Presented by Allen Riddell
About 25,100 novels were published in the British Isles between 1837 and 1901. About 200 are still in print. Fewer than 500 feature with any regularity in teaching and research.
Literary historians and historians of publishing have long wanted a better understanding of the diversity of literary production during this period. To support this goal, we introduce a corpus of 100 novels which is a representative sample from the population. (A sample is representative if features of interest in the broader population can be estimated from the sample with a known degree of accuracy.) Gathering a representative sample from this population is challenging because there is no exhaustive catalog of novels. We therefore construct our sample in stages, first sampling from an extensive but biased bibliography and then correcting for the biases.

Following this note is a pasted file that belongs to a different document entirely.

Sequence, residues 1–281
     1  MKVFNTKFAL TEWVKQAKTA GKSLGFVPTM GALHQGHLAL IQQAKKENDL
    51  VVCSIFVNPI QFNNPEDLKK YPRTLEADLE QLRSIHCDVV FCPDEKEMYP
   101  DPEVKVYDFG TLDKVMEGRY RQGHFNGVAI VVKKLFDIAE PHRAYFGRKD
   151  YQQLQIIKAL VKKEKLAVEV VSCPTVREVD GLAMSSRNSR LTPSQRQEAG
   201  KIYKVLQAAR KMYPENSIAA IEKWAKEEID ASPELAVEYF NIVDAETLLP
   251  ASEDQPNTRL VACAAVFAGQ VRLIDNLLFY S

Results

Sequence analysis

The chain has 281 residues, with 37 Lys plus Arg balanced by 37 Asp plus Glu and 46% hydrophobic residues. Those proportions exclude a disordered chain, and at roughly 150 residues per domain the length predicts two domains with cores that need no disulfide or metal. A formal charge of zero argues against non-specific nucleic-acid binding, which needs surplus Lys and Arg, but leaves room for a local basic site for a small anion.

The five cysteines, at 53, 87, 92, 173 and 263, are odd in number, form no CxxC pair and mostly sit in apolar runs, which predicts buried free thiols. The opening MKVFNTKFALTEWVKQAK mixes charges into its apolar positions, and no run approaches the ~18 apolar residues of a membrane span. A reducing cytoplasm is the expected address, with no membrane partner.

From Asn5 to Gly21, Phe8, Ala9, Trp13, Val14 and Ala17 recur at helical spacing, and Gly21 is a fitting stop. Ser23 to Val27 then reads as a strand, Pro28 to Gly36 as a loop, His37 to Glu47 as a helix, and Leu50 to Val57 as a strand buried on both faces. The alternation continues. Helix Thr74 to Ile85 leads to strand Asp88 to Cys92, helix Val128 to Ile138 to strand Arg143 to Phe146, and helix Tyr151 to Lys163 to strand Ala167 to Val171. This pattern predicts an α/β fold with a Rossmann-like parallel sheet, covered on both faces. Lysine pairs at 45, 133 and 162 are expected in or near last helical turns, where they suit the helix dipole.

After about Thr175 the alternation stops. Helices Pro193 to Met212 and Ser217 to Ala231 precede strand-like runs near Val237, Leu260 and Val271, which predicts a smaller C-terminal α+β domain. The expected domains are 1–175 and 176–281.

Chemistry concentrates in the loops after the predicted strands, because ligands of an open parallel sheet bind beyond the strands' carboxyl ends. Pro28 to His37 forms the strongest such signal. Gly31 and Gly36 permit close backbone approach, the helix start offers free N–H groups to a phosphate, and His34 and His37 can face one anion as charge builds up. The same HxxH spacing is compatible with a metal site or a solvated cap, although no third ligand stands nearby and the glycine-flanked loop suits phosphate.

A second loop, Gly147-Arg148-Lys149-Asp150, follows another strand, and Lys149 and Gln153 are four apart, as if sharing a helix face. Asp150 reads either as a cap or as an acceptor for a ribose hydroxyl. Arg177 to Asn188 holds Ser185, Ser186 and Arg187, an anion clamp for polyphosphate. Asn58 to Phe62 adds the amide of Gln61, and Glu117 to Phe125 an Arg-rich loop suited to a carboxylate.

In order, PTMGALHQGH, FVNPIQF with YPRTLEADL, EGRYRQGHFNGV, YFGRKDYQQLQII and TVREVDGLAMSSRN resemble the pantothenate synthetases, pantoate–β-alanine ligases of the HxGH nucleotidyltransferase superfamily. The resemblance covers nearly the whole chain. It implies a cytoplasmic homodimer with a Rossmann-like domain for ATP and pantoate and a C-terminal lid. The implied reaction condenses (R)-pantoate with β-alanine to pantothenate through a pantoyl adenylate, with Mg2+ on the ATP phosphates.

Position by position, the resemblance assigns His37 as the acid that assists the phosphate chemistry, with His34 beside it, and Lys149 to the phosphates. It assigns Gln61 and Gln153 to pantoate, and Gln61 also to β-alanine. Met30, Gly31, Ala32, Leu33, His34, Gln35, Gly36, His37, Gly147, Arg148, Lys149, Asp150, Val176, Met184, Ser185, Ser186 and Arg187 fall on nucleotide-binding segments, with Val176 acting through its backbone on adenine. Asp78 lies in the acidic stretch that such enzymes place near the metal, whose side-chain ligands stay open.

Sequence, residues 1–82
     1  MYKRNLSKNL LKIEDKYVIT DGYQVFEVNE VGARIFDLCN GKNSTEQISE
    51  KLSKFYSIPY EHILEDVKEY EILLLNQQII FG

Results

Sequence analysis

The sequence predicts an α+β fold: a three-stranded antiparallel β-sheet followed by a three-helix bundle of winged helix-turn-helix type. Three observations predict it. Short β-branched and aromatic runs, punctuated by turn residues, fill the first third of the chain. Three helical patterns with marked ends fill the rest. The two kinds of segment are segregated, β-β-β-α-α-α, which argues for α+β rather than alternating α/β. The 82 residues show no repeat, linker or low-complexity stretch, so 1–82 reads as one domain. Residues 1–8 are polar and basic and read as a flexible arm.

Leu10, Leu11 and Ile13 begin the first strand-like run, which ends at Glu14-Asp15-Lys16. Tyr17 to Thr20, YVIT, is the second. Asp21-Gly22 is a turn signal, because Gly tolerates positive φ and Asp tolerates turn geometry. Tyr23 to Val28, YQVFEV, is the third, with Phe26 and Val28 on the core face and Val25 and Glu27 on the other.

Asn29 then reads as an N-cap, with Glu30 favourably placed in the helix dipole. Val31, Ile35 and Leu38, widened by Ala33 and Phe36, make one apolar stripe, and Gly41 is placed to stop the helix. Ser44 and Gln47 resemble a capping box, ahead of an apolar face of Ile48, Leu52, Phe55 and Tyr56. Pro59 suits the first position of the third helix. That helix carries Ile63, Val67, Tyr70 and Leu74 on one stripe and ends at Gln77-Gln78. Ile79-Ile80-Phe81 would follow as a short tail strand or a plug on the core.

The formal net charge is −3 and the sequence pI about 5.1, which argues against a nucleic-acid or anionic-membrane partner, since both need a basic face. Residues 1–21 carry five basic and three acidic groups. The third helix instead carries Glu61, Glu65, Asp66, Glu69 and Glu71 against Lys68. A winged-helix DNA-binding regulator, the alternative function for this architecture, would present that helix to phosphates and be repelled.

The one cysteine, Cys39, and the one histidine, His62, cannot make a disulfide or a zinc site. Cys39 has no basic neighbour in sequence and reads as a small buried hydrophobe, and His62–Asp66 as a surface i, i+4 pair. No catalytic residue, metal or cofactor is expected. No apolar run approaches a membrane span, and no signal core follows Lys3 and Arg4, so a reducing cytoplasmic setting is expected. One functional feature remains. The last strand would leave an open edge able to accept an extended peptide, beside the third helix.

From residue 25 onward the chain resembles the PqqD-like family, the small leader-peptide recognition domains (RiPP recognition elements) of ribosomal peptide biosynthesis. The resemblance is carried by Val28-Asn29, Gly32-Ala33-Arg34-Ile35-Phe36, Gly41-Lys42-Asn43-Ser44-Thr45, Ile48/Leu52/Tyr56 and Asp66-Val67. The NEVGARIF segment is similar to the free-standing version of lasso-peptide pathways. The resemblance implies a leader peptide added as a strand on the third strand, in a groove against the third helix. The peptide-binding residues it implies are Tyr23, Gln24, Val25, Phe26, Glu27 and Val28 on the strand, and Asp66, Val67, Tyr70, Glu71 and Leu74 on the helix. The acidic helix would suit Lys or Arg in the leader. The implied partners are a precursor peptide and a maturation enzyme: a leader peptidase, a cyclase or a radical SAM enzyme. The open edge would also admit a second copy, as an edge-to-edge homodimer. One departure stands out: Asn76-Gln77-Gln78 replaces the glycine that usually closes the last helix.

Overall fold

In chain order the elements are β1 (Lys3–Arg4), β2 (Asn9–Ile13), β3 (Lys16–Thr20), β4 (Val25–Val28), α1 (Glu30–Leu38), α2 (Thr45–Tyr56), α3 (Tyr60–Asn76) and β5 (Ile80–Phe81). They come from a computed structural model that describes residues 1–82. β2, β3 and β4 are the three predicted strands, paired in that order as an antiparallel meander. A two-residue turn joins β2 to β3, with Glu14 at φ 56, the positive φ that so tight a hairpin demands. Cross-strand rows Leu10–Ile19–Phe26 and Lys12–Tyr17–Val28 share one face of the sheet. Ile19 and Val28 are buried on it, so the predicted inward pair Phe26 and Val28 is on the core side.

With this sample we are able to characterize the entire population of Victorian novels. We are able to estimate, for example, common lexical and syntactic features such as length in words, mean sentence length, and vocabulary richness. We can compare familiar "canonical" novels to the broader population. We also make preliminary estimates of biases in the survival rates of novels. Novels written by early Victorian women authors, for example, appear less likely to have been digitized.
Presentations are from 12:00 pm to 1:00 pm EST in the Herman B Wells Library in Room E159 (Hazelbaker Hall in the Scholars' Commons).
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